Citizens’ use of new media in authoritarian regimes: A case study of Uganda
2015 (English)In: Electronic Journal of Information Systems in Developing Countries, ISSN 1681-4835, E-ISSN 1681-4835, Vol. 67, no 1, 1-23 p.Article in journal (Refereed) Published
By subsidizing the costs of civic participation, the use of the Internet is believed to stimulate participation but there are fears that intensive Internet use causes withdrawal from public life. This paper investigates the connection between the way individuals participate online and offline in authoritarian, low-income regimes, and the nature of eParticipation among citizens in authoritarian regimes such as Uganda. Based on personal interviews with 116 Internet users, the study found that common drivers of eParticipation, such as low cost, security and anonymity are hard to transplant into the offline world for citizens of authoritarian states such as Uganda. Perceived risks of retribution and intimidation for expressing a particular opinion or supporting a political cause mean that citizen-to-citizen participation is the predominant form but still at low levels, while citizen-to-government participation is negligible.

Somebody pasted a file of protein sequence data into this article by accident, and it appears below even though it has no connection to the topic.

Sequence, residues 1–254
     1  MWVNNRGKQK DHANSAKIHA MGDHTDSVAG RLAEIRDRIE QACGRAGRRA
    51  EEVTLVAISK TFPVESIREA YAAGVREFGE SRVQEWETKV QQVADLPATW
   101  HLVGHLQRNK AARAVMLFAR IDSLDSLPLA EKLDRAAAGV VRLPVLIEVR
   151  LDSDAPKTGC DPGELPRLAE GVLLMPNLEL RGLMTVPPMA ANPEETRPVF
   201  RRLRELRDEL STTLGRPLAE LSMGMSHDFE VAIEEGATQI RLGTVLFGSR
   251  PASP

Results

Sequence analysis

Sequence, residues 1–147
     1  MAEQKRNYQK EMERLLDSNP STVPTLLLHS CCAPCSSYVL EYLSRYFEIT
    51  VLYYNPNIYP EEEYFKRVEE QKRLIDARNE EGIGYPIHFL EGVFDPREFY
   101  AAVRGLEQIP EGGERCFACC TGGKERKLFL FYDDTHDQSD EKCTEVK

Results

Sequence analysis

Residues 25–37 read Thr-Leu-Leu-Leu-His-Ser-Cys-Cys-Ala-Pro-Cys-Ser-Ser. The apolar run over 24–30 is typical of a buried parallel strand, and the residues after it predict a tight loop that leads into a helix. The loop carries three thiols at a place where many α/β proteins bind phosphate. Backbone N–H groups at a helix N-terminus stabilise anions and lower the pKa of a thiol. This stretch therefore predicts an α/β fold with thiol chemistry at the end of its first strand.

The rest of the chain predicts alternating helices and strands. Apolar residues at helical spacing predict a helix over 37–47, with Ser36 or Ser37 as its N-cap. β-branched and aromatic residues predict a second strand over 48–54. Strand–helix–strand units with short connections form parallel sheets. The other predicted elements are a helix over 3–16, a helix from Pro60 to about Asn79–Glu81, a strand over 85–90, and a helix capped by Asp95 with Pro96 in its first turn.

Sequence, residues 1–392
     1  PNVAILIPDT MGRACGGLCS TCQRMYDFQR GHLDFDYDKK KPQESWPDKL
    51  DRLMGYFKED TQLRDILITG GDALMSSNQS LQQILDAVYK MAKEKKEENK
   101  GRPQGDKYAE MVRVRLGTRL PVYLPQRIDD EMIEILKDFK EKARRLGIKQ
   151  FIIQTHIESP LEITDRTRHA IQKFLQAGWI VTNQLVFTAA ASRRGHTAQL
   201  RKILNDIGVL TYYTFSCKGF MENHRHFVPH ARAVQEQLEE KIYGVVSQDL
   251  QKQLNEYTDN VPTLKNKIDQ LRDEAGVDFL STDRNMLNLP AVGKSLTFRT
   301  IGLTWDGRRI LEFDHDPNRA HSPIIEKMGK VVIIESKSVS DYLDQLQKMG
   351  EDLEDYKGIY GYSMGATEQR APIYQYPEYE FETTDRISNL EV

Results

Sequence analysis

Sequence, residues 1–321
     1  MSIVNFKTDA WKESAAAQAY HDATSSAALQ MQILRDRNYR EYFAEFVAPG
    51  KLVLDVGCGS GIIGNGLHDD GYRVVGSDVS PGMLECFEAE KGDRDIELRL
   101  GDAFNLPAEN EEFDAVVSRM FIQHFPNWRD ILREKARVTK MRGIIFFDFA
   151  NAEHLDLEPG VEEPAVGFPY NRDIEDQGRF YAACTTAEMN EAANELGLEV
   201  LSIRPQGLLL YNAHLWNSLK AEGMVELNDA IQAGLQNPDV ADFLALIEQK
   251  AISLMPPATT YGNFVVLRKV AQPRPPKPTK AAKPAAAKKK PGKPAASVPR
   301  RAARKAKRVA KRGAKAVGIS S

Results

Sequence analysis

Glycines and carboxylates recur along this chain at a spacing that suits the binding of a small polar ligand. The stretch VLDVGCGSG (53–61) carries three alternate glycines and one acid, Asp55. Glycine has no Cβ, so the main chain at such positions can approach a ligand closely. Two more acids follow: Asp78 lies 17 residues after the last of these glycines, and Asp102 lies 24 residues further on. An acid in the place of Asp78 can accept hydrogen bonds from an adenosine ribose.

Place, publisher, year, edition, pages
Hong Kong, China: City University of Hong Kong Press, 2015. Vol. 67, no 1, 1-23 p.
eParticipation, offline participation, online participation, engagement, authoritarian regimes
Social Sciences Information Systems, Social aspects
Research subject Informatics; Informatics
IdentifiersURN: urn:nbn:se:oru:diva-44453ScopusID: 2-s2.0-84924589261OAI: oai:DiVA.org:oru-44453DiVA: diva2:807853